Alcohol-Fueled Car Crash Kills Two

Alcohol-Fueled Car Crash Kills Two

The New Year is off to a deadly start in the Bluegrass State, as the first fatal vehicle collision of 2017 occurred in the early morning hours of New Year’s Day.

Authorities state that an alcohol-impaired woman, whose name was not released, lost control of her SUV near the intersection of U.S.Highway 421 and State Highway 3447 (Morrill-Kerby Knob Road) just south of the Madison County line. Her out-of-control vehicle crossed the centerline and smashed head-on into a passenger car, instantly killing both 58-year-old Lloyd Sparks and 51-year-old Randall Sparks. The female SUV driver, along with her 10-year-old nephew, were both seriously injured and rushed to nearby hospitals.

Investigators spent several hours looking for clues before re-opening the roads.

First Party Liability in Alcohol-Related Vehicle Collisions

Over the last ten years, alcohol-impaired drivers have killed more than 2,000 Kentuckians, and that figure is well above the national average. Advocates say part of the problem is that the Bluegrass State is one of the only jurisdictions that does not require at least some DUI offenders to install ignition interlock devices in their cars. Moreover, as a general rule, semi-rural areas tend to have high alcohol-related crash rates, because there are many two-lane highways.

To obtain compensation in court, victim/plaintiffs must prove negligence, or a lack of reasonable care, by a preponderance of the evidence (more likely than not). Many cases involving alcohol-involved vehicle collisions rely on circumstantial evidence, such as:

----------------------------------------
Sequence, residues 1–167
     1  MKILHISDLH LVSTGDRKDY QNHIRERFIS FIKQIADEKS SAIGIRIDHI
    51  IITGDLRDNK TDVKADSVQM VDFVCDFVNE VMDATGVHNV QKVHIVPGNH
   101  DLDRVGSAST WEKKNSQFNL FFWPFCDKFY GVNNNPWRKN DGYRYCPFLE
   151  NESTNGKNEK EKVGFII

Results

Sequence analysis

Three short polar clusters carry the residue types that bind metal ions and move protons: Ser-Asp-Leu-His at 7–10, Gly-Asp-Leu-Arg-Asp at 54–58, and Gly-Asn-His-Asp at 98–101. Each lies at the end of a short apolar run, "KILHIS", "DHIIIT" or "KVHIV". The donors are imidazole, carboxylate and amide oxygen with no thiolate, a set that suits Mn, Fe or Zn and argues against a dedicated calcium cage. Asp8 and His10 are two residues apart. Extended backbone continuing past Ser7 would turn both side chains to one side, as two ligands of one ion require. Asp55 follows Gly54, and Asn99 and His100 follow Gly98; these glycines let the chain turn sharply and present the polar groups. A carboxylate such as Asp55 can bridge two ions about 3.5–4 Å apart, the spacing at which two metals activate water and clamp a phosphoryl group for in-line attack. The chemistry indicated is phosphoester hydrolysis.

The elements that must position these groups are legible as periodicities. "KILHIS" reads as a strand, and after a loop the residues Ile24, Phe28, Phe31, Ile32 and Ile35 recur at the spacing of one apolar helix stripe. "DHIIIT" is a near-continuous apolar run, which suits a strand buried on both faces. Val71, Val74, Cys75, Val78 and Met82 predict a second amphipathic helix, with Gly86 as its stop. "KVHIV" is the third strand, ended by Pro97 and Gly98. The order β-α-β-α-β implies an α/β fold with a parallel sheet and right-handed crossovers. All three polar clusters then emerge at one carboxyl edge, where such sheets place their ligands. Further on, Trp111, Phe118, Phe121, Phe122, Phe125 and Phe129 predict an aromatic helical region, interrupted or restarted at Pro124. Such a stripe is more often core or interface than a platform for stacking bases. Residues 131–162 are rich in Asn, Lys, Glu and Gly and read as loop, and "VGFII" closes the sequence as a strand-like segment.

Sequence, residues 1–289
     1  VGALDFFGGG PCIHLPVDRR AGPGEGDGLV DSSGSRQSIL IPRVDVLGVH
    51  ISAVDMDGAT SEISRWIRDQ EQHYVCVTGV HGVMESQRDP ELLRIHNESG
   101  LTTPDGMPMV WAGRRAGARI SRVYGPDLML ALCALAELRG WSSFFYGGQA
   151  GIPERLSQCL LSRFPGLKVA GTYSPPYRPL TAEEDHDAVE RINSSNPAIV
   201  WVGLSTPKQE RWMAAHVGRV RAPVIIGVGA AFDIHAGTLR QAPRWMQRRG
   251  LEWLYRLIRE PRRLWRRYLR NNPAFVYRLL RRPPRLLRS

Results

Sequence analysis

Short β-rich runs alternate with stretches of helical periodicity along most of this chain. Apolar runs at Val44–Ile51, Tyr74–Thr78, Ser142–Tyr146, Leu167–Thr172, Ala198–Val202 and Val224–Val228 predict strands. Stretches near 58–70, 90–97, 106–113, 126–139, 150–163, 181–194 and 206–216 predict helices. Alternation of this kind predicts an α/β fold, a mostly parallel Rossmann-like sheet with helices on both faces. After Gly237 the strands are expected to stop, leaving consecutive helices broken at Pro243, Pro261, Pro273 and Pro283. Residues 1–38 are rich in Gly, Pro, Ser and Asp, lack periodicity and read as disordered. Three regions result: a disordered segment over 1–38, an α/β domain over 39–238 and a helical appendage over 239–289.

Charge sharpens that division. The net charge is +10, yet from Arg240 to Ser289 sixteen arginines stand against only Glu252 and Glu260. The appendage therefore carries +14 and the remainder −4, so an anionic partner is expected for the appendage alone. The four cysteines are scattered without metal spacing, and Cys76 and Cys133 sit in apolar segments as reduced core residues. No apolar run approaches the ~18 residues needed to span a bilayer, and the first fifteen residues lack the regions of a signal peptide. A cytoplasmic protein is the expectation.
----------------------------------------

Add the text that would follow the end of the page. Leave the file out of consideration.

• An odor of alcohol on the driver,
  • The driver’s bloodshot eyes, and
  • Erratic driving before the crash.

In the above story, crossing the centerline certainly qualifies as “erratic driving.” Even though these facts really only prove consumption, since impairment starts with the first drink, any evidence of consumption is normally enough to prove that, more likely than not, the tortfeasor (negligent driver) was impaired.

If authorities charge the tortfeasor with DUI, the negligence per se (negligence “as such”) rule makes it easier for victim/plaintiffs to prove negligence in vehicle collision cases. Rather than proving all five elements of a traditional tort case, victim/plaintiffs must only establish that:

  • The tortfeasor violated a safety law, like DUI, and
  • That violation proximately caused the victim’s damages.

If the tortfeasor was heavily intoxicated, the victim may be entitled to additional punitive damages, on top of compensatory damages.

Third Party Liability in Alcohol-Involved Vehicle Collisions

If the tortfeasor is uninsured or underinsured, an applicable third party liability theory helps victims obtain the full measure of damages. Kentucky has a limited dram shop law which holds bars, clubs, restaurants, and other commercial providers liable for damages when their impaired patrons negligently cause damages in vehicle collisions, bar fights, and so on. For liability to attach, the victim must prove that the commercial provider knew or should have known that “the person served is already intoxicated at the time of serving.” The same circumstantial evidence discussed above to prove that a tortfeasor was impaired is also sufficient to prove that a patron was intoxicated.

For prompt assistance from an experienced persona injury attorney in Cave City, contact Attorney Gary S. Logsdon today, because you have a limited amount of time to act.